The impact of a transient workforce

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Many employers are beginning to transition their staff back into the office in an attempt to return to normality. However, given the unique opportunity presented by the current global shake up, should we be taking more time to carefully consider: What we would like the new normal to be and how that may benefit society, the economy, and the environment.

There is a growing tide of people shifting their perspective towards purpose over pay cheque when considering a position (theguardian.com), and this global shake-up has undoubtedly expedited that yearning. So much so a recent survey in the US found that 39% of employees would consider leaving their role if their employers weren't flexible about remote work; the number jumps to approximately 49% for Millennials (bloomberg.com).

So, the stakes are high! If it is assumed, a good business is about having good, happy, hard-working, productive employees. Then some considerations and accommodations might need to be made to ensure your team is engaged and operating at maximum efficiency.

Training and Recruitment

According to the Society for Human Resources Management (SHRM), it takes on average $4,129 and 42 days to fill a vacancy within an organization (source). Then factor in the time required for training new team members and staff turn-over starts to get expensive. Granted there is variability in time and expense depending on the roles being filled. Still, these figures should be eye-opening, for any organization with a large, skilled workforce, particularly within complex and fast passed industries where businesses rely on agility and corporate intelligence to get ahead of the competition.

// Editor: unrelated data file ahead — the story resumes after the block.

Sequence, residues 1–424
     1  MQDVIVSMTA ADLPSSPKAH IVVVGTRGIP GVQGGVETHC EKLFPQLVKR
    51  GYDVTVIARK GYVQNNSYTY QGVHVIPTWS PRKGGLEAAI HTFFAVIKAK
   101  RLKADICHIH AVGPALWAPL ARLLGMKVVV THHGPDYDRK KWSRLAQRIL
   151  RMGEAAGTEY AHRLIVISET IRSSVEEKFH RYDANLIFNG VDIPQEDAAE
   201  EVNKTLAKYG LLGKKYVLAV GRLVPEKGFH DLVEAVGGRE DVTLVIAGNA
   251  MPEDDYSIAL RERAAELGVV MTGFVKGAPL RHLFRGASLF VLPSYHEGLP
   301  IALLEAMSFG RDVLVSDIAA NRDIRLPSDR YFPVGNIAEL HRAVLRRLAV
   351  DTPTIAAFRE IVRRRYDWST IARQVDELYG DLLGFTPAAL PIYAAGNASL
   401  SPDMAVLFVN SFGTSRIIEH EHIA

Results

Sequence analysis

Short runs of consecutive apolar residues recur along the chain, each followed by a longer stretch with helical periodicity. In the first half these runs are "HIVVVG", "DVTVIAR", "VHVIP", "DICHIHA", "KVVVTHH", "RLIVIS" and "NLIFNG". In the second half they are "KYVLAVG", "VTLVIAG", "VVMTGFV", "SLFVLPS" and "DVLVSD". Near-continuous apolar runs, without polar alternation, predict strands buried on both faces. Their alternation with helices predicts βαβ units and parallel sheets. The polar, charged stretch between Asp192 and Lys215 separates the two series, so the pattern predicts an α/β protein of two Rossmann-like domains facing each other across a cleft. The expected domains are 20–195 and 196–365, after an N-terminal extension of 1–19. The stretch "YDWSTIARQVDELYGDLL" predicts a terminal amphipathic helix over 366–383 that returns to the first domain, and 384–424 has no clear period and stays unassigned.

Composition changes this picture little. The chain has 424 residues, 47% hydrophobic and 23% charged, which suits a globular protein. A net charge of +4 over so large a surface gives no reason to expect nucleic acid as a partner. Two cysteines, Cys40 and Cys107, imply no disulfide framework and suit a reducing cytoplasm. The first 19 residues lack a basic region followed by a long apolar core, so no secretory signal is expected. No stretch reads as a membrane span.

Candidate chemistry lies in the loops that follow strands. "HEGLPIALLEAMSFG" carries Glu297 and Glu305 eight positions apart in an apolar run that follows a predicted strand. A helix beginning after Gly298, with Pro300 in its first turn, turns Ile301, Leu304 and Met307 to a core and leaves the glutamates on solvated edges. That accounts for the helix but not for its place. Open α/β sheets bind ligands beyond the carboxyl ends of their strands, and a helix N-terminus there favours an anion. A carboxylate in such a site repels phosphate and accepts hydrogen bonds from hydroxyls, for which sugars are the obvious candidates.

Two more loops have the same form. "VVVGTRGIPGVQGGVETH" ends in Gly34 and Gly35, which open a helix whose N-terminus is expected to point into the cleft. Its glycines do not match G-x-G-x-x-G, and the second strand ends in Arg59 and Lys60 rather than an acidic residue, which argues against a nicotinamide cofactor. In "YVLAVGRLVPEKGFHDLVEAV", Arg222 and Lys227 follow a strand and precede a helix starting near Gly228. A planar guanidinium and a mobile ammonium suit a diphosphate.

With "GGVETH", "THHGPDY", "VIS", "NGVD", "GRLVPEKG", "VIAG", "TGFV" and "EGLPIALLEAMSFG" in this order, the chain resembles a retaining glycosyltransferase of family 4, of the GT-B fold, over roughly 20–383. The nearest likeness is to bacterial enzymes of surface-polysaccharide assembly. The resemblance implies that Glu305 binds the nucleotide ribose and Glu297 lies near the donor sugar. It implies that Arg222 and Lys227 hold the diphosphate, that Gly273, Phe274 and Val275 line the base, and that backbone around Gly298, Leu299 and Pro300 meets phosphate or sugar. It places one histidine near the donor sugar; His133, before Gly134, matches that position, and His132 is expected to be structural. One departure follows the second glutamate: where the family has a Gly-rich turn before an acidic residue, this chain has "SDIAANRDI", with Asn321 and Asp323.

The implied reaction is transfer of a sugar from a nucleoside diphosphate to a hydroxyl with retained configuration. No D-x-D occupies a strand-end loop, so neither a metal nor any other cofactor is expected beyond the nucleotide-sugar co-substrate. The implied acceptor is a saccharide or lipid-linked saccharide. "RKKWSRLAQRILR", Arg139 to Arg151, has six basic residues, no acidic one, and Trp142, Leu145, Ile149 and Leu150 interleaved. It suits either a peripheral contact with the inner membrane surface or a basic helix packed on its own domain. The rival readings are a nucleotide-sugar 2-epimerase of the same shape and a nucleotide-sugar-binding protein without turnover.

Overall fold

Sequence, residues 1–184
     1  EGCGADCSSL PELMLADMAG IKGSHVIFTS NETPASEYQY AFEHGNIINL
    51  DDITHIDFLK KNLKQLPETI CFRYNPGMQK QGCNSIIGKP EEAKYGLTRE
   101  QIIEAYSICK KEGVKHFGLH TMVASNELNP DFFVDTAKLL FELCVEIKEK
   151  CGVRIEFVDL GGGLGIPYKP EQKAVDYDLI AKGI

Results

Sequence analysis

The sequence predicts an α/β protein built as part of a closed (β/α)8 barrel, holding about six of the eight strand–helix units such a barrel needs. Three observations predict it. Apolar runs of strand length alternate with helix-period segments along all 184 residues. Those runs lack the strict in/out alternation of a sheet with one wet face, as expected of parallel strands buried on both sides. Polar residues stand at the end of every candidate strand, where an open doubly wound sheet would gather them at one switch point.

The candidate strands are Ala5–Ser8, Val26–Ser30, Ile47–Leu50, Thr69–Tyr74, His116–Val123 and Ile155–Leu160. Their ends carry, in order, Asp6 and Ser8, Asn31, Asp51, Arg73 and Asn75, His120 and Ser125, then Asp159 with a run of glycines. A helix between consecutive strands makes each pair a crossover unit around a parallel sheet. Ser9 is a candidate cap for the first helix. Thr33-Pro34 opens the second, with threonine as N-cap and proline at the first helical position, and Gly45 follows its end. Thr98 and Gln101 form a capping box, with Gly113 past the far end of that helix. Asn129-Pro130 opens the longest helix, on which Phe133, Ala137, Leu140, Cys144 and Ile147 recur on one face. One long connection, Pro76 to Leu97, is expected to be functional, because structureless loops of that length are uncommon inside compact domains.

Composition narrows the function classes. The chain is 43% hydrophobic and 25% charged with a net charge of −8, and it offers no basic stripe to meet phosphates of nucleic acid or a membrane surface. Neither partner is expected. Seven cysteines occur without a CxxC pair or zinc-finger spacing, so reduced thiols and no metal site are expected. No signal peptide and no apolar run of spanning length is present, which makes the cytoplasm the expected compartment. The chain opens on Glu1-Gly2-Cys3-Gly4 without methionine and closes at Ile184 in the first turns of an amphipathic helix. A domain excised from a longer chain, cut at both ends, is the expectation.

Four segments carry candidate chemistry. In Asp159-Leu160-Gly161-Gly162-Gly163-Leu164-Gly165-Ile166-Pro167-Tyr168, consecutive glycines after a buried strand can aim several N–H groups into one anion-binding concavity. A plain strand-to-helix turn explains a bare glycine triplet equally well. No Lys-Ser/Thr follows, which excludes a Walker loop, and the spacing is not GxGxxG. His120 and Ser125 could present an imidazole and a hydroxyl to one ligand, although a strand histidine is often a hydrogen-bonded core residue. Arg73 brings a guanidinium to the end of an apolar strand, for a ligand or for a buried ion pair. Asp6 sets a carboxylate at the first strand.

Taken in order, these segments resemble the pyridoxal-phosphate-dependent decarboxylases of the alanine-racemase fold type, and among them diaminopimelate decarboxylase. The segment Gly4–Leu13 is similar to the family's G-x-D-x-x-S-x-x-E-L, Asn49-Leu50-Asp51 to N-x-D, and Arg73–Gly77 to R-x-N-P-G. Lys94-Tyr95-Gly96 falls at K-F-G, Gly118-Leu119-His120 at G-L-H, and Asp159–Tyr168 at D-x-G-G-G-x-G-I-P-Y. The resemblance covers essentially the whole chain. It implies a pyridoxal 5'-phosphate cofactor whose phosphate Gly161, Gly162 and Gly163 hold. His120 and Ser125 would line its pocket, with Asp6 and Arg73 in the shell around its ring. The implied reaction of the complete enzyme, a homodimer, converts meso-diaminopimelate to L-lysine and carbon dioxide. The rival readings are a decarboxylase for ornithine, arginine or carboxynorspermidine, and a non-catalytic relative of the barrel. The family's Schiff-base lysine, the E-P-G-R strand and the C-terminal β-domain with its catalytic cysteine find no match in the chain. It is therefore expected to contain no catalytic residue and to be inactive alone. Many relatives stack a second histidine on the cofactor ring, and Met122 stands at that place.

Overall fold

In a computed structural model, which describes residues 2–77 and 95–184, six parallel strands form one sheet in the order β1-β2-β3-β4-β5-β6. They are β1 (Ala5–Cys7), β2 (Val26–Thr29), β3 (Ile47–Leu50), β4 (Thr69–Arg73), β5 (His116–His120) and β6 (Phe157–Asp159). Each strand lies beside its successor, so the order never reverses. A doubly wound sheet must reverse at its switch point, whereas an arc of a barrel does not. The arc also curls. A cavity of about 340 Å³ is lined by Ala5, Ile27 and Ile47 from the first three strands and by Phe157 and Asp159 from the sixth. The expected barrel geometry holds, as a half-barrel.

Talent Retention

Financial and time costs are obviously factors to consider in the recruitment process, but another significant expense is losing your best staff to your competitors. If an employee decides to leave, a lateral move to a competing organization is frequently the most efficient and sensible option.

When an employee moves on from an organization, it's not just the person who leaves. They take knowledge of your business processes, your best practices, your procedures, your products, and sometimes other members of your team!

Some staff turnover is expected and is healthy for a business, provided rates aren’t too high, and the business procedures and processes are retained and well known within the business. Good process documentation and practices can help insulate your businesses from these kinds of losses, but there is no substitute for taking care of your team.

"Treating employees benevolently shouldn't be viewed as an added cost that cuts into profits, but as a powerful energizer that can grow the enterprise into something far greater than one leader could envision" - Harold Shultz, founder and former CEO of Starbucks.

Simply put, your staff should be your primary priority, above all else! Your people are what will make or break your business. Keeping your team motivated and engaged could be the defining factor in your success.

If you’re looking for ways to keep your staff engaged, challenged and reward your team, either in-person or virtually, we've got you covered!

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